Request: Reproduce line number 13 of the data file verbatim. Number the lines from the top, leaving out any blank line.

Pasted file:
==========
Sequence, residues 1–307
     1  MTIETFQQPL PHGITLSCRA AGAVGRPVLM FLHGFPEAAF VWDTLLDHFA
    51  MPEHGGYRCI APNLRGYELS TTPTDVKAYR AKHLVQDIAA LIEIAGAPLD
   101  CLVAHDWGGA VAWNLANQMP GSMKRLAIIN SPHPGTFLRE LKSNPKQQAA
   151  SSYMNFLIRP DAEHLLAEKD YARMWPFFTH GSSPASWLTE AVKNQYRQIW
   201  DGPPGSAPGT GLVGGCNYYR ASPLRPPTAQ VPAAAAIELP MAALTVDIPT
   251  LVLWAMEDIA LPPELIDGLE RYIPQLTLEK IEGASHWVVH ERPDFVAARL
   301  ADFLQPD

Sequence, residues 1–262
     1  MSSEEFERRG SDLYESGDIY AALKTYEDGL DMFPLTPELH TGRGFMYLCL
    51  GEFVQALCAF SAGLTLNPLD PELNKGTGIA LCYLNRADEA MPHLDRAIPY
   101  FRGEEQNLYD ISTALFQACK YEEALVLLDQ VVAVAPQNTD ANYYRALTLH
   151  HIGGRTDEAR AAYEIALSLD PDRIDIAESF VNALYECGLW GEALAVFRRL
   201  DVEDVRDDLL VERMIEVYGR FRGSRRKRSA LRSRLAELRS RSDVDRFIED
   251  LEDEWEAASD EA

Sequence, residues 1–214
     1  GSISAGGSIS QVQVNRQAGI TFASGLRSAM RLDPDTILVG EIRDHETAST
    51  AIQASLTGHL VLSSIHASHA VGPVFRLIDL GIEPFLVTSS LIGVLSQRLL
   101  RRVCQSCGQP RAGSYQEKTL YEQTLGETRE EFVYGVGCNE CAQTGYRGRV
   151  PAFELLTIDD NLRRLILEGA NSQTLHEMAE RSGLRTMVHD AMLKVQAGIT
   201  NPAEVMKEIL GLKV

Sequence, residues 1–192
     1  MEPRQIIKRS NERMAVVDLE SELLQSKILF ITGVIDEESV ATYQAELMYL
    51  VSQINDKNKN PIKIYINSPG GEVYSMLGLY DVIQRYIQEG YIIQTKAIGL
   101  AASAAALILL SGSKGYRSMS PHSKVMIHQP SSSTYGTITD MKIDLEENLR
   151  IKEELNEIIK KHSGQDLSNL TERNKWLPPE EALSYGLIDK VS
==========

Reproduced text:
   151  HIGGRTDEAR AAYEIALSLD PDRIDIAESF VNALYECGLW GEALAVFRRL